Over the past twenty years, I can’t even begin to count how many times I’ve received astonished glances after mentioning that I was an author to a new acquaintance.  While not everyone will enter the writing field and seek to earn prestige from their skill with words, it’s universally acknowledged that a wordsmith will be respected and listened to by those around them.  You do not need to be the next J.K. Rowling to earn a level of appreciation from those who walk in the same circles as you do, nor do you need to be a grand silver-tongue who speaks words above the level of the common man.  While it is definitely a good idea to have a wide vocabulary, perhaps in a work setting it would be best to leave those four-syllable words to the scholars. As a general rule, writing fiction will showcase your artistic capabilities and, if published (even in small magazines or journals) can add some flourish to your resumé—attracting the discerning manager to hire you over other candidates.  This can also work wonders in the educational sphere as well. Before settling on Lumerit Scholar Unbound (then CollegePlus), I walked onto the campus of a well-known school in a neighboring state, and upon bringing my self-published novel, they offered me a scholarship on the spot.  I’m not saying you need to write a novel to get a glowing commendation from a workplace or university, but writing fiction (or philosophical pieces, if you dare) certainly won’t hurt your endeavors! Showing the world that you are a go-getter is one of the best ways to accelerate your race to the top of the career ladder!

3. It Allows Creativity to Grow Both in the Mind and in the Workplace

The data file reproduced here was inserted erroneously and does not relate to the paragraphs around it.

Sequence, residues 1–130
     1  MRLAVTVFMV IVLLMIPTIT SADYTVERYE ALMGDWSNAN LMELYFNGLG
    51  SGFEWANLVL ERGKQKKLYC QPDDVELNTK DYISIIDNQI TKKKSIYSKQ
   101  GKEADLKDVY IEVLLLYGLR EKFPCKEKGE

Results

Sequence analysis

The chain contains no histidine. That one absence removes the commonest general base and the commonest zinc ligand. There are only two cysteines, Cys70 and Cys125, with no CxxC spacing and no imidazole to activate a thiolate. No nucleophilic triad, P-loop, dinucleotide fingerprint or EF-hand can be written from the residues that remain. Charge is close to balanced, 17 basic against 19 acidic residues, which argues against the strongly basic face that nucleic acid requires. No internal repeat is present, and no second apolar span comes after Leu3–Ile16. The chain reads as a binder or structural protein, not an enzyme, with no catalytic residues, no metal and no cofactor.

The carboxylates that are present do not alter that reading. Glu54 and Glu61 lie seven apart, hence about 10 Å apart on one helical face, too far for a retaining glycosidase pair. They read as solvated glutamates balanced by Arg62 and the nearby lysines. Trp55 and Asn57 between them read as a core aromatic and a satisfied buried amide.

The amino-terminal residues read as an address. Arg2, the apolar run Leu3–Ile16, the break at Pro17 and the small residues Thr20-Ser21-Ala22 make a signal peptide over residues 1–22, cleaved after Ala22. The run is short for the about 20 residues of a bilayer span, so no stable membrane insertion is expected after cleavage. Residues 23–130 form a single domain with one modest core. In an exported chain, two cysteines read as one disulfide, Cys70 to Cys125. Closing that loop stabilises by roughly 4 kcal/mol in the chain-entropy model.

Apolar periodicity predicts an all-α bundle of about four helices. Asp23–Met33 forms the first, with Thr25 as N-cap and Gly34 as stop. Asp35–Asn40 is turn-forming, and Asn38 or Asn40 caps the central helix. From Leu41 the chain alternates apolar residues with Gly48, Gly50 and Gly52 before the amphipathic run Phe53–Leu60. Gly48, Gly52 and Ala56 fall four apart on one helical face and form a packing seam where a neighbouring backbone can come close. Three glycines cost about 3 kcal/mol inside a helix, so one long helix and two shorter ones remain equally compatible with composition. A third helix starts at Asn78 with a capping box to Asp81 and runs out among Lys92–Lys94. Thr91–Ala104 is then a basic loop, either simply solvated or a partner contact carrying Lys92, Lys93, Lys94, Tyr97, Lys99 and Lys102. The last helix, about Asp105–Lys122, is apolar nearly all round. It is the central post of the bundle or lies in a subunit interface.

Last but certainly not least, writing fiction allows you to mentally exercise your brain on a regular basis.  It has been scientifically proven that without proper stimulation, the brain will grow stagnant, and without motivation or inspiration our lives can become dull as a result.  Whether you like writing or not, it is always a good idea to keep your mind sharp and to challenge yourself and your interests by penning down thoughts on what you know and expressing it in a creative manner.  A side benefit of writing fiction is that it also helps you to work through issues in a meaningful and healthy way, so if you are encountering hardship in the workplace, writing can help you vent your frustration in a rewarding fashion.   Not only will this help you to shift your focus from the stresses of the work day, but also, writing can potentially lead you to finding a solution to the problems you are encountering! I find that I often do my best thinking behind the screen of a computer or while scratching a fancy pen against paper. There are, quite obviously, several other amazing benefits to regularly writing fiction.  It opens channels within your mind that cannot be opened otherwise, and the benefits that can be reaped span far beyond the scope of standing out in the workplace.  Whether you are still a college student struggling to survive finals, or are persistently battling those real-life dragons that often manifest themselves in the form of managers, it is great to remember that writing fictions serves as a stellar outlet for both expanding and exploring our understanding of the world and the workplace. Written by Gabrielle A. Perron